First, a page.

Nineteen-year-old former Marist College (Mt Albert) student Laura McLellan tried not to have too many expectations when she went to do missionary work in Ranong, one of Thailand’s southern provinces.But what she saw made her re-evaluate her life.

“When I arrived in Ranong I felt a sense of grief, for my past life, and all the years I hadn’t been listening to God’s call,” she said. “I realised when I got here I had been so distracted by the materialistic and tangible things that consumed my daily life that I forgot to say I
love you to my family. I forgot to notice the small things that I see people rejoicing in every day here.”

Miss McLellan arrived in Ranong at the start of May.

“My spiritual background and the Marist influence throughout my life has fuelled the passion within me to serve others, and when I hit my early teenage years I felt particularly called and drawn to doing mission work. So I just followed the call of my heart and the opportunity arose,” she said.

Through her Marist connections (she was a “connecter” in the Marist youth development group, Logos), plus half a year of prayer and saving up, she became a volunteer with the Marist Asia Foundation community in Ranong teaching English and Social Studies to Burmese migrant children.

Miss McLellan was confronted with the systemic struggles faced by the migrant community daily.

“For Burmese migrants things such as assisted health care, education, employment and simple protection from harm or injustice by law are just simply not in the picture or very hard to attain,” she said.

Thai law prevents Burmese migrants from owning land, property or business, she explained. New migrants often do not know how to speak, read nor write in Thai language. The only choice for them is to work in fishing, frozen food businesses, charcoal factories or plantations.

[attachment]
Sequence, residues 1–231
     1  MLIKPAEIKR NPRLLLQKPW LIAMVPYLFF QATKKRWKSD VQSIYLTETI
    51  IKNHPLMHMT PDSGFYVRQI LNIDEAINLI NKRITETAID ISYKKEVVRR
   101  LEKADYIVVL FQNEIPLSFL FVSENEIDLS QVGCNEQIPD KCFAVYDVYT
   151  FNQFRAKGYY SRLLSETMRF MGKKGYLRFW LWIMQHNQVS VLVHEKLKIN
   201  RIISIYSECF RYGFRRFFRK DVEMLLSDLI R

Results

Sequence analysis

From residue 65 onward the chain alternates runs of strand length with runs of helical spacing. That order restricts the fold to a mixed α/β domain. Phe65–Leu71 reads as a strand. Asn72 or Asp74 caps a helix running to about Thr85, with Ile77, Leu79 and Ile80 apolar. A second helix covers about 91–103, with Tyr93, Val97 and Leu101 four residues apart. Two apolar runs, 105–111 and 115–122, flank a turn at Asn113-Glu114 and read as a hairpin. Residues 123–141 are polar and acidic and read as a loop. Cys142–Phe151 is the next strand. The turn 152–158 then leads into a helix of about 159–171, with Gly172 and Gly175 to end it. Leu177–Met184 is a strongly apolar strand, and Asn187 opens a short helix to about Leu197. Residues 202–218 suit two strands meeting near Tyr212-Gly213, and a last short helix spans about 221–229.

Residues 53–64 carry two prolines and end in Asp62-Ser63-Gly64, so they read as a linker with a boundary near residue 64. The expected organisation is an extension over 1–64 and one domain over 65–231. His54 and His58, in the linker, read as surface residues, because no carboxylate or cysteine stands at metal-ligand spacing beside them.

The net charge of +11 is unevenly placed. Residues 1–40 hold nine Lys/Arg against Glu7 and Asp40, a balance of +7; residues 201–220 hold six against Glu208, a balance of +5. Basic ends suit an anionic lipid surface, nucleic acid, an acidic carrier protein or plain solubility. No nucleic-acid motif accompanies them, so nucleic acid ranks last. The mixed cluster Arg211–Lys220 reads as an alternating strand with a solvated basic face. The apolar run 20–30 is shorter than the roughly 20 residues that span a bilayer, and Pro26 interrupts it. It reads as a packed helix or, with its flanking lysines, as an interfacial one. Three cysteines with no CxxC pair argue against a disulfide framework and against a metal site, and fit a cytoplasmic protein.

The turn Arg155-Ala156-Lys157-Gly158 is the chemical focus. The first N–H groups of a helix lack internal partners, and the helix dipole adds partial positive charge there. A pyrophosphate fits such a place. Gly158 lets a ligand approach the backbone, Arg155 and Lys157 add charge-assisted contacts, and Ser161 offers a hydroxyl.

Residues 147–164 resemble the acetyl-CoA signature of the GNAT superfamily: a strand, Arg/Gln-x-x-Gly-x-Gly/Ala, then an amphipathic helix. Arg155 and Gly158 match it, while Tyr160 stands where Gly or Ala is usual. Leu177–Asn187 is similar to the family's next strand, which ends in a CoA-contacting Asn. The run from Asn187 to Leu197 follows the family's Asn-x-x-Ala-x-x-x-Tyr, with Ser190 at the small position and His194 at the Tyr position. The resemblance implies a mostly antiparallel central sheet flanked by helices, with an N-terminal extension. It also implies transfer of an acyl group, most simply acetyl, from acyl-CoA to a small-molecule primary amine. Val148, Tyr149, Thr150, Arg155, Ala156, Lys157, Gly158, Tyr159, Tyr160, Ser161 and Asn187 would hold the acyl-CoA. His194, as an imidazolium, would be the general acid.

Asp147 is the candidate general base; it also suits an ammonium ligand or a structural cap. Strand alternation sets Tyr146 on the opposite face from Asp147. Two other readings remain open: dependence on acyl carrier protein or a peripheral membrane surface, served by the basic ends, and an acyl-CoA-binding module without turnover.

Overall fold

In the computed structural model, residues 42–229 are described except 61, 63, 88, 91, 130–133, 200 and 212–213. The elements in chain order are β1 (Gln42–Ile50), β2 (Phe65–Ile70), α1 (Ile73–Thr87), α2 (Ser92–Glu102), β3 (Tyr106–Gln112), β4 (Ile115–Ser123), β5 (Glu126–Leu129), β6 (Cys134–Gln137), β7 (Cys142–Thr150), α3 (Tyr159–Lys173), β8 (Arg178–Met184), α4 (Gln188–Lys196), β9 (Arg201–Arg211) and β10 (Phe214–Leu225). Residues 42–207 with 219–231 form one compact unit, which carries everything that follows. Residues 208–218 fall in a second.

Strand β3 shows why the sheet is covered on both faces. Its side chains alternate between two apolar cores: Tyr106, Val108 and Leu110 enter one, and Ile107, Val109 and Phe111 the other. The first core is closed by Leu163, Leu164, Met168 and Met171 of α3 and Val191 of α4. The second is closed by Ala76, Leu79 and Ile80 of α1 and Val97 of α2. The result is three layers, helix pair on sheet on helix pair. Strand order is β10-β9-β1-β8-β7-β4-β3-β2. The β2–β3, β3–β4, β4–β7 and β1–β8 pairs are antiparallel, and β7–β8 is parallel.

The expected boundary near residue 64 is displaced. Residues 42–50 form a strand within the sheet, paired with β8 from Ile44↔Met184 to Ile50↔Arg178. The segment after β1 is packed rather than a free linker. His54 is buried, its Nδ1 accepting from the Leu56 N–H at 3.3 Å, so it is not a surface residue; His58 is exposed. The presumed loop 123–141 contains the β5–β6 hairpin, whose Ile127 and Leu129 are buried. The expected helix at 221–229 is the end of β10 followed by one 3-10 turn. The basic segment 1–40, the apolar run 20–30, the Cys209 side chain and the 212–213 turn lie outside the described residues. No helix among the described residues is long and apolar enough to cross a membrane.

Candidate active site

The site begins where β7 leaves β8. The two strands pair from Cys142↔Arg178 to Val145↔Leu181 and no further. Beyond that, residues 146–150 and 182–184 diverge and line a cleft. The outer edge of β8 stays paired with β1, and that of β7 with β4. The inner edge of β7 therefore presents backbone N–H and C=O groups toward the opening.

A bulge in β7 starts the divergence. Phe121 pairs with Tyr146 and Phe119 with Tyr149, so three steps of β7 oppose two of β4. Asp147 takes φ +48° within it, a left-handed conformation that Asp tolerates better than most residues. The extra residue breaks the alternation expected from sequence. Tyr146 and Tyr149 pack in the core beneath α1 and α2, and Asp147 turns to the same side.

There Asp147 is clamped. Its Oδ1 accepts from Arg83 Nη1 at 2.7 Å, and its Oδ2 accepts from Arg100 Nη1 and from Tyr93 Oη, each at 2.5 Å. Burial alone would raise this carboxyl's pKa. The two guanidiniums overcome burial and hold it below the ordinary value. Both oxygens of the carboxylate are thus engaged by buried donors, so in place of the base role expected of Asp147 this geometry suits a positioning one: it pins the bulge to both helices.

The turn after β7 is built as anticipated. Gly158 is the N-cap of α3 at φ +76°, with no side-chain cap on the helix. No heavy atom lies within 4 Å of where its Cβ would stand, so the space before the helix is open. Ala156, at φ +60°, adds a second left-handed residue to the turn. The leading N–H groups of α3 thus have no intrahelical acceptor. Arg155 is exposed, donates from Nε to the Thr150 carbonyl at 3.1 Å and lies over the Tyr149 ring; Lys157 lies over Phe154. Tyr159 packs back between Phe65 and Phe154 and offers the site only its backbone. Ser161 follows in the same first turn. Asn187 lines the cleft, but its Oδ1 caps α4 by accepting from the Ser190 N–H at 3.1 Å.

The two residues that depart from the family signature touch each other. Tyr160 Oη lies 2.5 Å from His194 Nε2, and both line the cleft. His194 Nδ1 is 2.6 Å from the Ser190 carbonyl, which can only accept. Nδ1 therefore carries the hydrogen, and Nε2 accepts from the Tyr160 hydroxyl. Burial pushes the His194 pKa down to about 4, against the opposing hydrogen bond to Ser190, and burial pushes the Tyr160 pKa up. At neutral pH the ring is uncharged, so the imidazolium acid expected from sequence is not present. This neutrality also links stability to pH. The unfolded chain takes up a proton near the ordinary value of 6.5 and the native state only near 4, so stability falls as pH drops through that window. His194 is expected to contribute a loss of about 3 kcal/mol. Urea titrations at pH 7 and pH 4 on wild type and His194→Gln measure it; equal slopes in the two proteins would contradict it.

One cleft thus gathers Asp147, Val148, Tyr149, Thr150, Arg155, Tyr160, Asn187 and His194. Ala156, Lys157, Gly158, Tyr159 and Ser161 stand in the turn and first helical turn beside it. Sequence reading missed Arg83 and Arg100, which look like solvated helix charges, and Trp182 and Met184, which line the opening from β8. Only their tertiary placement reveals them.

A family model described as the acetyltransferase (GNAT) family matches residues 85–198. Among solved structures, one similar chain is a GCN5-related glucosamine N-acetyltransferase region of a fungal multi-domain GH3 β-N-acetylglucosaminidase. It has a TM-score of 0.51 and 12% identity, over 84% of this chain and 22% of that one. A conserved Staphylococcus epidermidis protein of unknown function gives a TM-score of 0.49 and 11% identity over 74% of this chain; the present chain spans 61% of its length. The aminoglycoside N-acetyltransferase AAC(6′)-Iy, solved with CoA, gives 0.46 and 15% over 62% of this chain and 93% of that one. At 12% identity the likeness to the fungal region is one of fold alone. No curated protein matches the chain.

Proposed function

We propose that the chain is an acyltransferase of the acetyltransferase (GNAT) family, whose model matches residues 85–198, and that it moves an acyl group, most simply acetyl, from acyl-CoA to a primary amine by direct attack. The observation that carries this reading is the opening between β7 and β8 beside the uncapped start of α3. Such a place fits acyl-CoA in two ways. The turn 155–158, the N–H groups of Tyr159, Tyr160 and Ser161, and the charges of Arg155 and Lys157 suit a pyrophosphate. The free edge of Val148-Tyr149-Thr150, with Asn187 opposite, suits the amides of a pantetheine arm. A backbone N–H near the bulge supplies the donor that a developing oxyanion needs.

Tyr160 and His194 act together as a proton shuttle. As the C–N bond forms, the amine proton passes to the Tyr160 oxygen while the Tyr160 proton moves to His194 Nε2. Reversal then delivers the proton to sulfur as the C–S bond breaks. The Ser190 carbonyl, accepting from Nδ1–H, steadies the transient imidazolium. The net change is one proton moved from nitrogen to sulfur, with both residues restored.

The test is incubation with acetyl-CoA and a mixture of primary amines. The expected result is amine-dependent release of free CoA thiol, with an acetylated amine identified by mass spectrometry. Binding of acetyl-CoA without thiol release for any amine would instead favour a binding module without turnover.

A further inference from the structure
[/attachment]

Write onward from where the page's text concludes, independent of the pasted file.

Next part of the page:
Factory work is long and intense, starting at 5 am and often ending well past 7 pm. Standard payment for a migrant is in the range of NZ$12-14 a day.

Ms McLellan quickly learned education was “a vital catalyst in breaking the cycle of poverty here in Ranong”.

“This (situation) is restricting and often very degrading, so by giving migrant children an education it allows their generation to look into other areas of employment and broaden their opportunities,” she said.

Miss McLellan said the foundation community she is with teaches children personal development skills as well as critical thinking.

“It encourages students to look at things through perceptive eyes and be able to have the confidence to step out of their community and experience the wider world,” she said.

“I think by bringing my different background, beliefs and religion I also expose migrant students to new ways of thinking and outlooks on life; it is important that we all share our diversity and still celebrate each other in unity. I try to give them a safe space to express themselves while learning and continue to grow into the person they want to be,” she added.

Despite the struggles, love and life abound.

“Even with the language barrier I’ve never felt more welcomed into a new space than here,” she said.

“Sharing food, laughs, stories, tears and more with this new group of people that I call family has reinforced to me why diverse backgrounds, religions, cultures and lifestyles make relationships so much more fruitful as everyone has something different to bring to the table.”

Miss McLellan said people in New Zealand can help support them by being involved in “Small change, Big Difference”, a campaign wherein people donating $20 a month can support a student’s cost of tuition and transport. Donation of books or furniture or funds for
teacher training is also welcome. For more information the visit the website: www.maristasiafoundation.org/current-fundraising-campaign/

Miss McLellan, who extended her stay in Ranong from December this year to March next year, said each person she has met has a story of struggle and hardship to tell.

“That makes their loving spirits shine so much brighter to me. I find it hard to fathom how people facing such difficult and trying situations continue to bring such positivity and light into my world each day,” she said.

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